Bush has been an absolutely horrible president since his second election, not as though he wasn’t in his first term either, but when compared to Kerry, he’s the lesser of two evils. I think we have no other choice but to stay in Iraq until it is safe to evacuate. I do agree that we should have never invaded Iraq though, and those deaths are pointless. the real issue here is that this is another religious war with a christian agenda, and no man, woman, or child of any faith should die in the name of god, one which we ALL know to be conceptualized as an instrument for explanation, rather than based any empiracle evidence. This war is a new age crusade, chrisitians vs. the muslim extremist, and it’s the christians fault that the lesser jihad, i.e fighting the infidels in the holy battle, became the greater jihad, formerly fighting the evil within one’s self. And this goes back to the crusades when the christians overtook jeruselem. the bottom line is that bush is attempting to become a tyrannical dictator propogating christianity. The ignorant fuck actually pretends to be doing “god’s work” like he’s some sort of prophet. This is a religious war and we need to fully secularize the u.s so this bloodshed in the name of god ends.

  • Azkyroth

    So how exactly is it that you figure Bush is the lesser of two evils, then? Are you getting all your information about Kerry’s position on Iraq from Bush propoganda or something? Your stated position on Iraq is more or less the same as Kerry’s (his “pottery barn” metaphor, for example), except Kerry’s was coupled with the understanding that our current approach to Iraq is making things increasingly unsafe there by needlessly fanning tensions and tossing bone after bone to the extremist psychos.

  • http://www.patheos.com/blogs/daylightatheism/ Ebonmuse

    I concur with Azkyroth: Eziekel, since we agree that Bush has been an absolutely disastrous president, why do you think he was the lesser of two evils when compared to Kerry? I’m genuinely curious.

  • Jeff T

    Adam,
    I am a retired veteran and I appreciate your thoughts on this subject as well as atheism. I voted proudly for the Libertarian Candidate for President based on his promise of bringing the Troops home within 90 days. Mistake or intentional misleading is irrelevant in my opinion. Iraq cannot be won with the current policy of being a ‘Knight of the Round Table’ as you walk through the minefields and are shot at from religious sanctuaries. Rome showed the world how to win a war with the Third Punic War. Carthage was razed, its walls destroyed and the people scattered. That is what a war is and why I could not fathom those in America wanting a war. Then again, America didn’t want a war, they wanted roses thrown at the Troops by joyful Iraqis who were greatful to be saved from Saddam.
    Would I go to war willingly and die for the freedom of Americans against a legitimate threat? I like to think I would. Would I want to go walk through minefields, IEDs, suicide bombers and be the recipient of racial and cultural hatred while being obligated to be as nice as possible to the perpetrators? No thanks.

  • Eziekel

    Perhaps I should have specified as to where my information on Kerry had come from, my cousin worked on Kerry’s campaign during the election. Kerry had a strong stance as to remove the soldiers from iraq but literally had no plan to do so. it’s not entirely his fault at all, bush fucked the situation up so much in the first place that, hey, we’re still there today with no evacuation in sight. the fact is, that was his primary campaign focus but it was all b.s. there is nothing good about bush, but once you put a country in that condition, that country needs to be restored. this can be argued either way and no one will give. And yes, oil is a huge part of this entire war and if bush would do something to evoke the use of alternative feuls, namely, hydrogen, then maybe we wouldn’t be in this mess, and maybe we’d have a much cleaner environment too. but like i said, bush is a terrible leader.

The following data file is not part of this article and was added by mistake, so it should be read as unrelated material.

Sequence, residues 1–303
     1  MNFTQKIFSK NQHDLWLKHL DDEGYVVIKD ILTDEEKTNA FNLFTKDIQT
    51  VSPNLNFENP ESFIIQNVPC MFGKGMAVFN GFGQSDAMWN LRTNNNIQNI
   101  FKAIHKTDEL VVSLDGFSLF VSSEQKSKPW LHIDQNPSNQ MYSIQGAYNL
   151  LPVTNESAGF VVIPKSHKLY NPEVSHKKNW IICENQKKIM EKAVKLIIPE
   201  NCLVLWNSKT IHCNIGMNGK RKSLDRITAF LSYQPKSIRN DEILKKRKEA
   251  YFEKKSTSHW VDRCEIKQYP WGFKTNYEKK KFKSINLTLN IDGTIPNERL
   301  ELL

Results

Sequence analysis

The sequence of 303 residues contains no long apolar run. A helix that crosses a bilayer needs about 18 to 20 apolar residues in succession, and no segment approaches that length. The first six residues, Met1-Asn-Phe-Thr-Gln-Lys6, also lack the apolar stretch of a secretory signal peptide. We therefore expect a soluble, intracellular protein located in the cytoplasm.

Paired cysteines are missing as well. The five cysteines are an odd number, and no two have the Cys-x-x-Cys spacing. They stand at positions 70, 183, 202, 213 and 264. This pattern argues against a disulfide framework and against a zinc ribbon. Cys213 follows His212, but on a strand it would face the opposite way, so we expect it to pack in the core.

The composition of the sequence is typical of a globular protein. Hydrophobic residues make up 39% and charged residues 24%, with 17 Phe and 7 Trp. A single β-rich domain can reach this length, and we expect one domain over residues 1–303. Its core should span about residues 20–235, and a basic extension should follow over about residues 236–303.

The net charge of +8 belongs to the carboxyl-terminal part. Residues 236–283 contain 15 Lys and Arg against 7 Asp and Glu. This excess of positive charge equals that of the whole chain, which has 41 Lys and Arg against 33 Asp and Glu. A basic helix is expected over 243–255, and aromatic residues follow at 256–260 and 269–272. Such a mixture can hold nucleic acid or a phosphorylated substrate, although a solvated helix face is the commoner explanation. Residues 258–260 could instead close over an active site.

• http://www.patheos.com/blogs/daylightatheism/ Ebonmuse

    Would I go to war willingly and die for the freedom of Americans against a legitimate threat? I like to think I would. Would I want to go walk through minefields, IEDs, suicide bombers and be the recipient of racial and cultural hatred while being obligated to be as nice as possible to the perpetrators? No thanks.

    I feel much the same way. I strongly believe that if America was faced with a legitimate threat and there was a recruiting shortfall, I would gladly volunteer, but Iraq was not a legitimate threat. This war was conceived as a war of empire, and that is something I will never support.

    Incidentally, sir, allow me to thank you for your service. I am always grateful to those who served in defense of my freedom as an American, and no time is better than Memorial Day to express that gratitude.

    Perhaps I should have specified as to where my information on Kerry had come from, my cousin worked on Kerry’s campaign during the election. Kerry had a strong stance as to remove the soldiers from iraq but literally had no plan to do so.

    Perhaps that is true. But Bush and the Republicans undeniably also have no plan at all. How then are they the lesser of two evils in that respect?

  • Eziekel

    You are right, bush doesn’t have an exit strategy, but he doesn’t plan on evacuating until the threat (albeit, he created the threat by attacking in the first place) is minimized (which doesn’t look promising in the near future). but this is where opinions go either way, some think our troops should be pulled out as soon as possible and fuck iraq, but i think we must stay given the circumstances at this juncture. this can be argued all day and no one will change their minds, but that’s how bush is slightly less evil, i guess. bush is doing the right thing, horribly, (staying there, not going) and kerry would have just done the wrong thing. hitler was a genius who did horrible things, bush is an idiot who should have never been put in office, who is so delusional and he thinks he’s doing god’s work, as he said in a speach in turkey, so he thinks he’s doing good.

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  • Bezerkerette

    Well Spoken!

  • http://www.auniversenamedbob.com Matt R

    Ebonmuse,

    The best gift we can give these honored dead is to work toward peace, by ending not just this war but all wars, so that future generations will never be asked to make the awesome sacrifice that far too many have now made. The people now in power in America do not understand that; we can only hope that those who come after them will.

    Thank you for the outstanding thoughts, Adam. Very kind.

    Take Care,

    Matt

  • http://www.patheos.com/blogs/daylightatheism/ Ebonmuse

    Thanks, all. I should point out that this post was written in 2006, and some things have changed since then (though not everything, alas). Perhaps I should write an updated version for the coming year.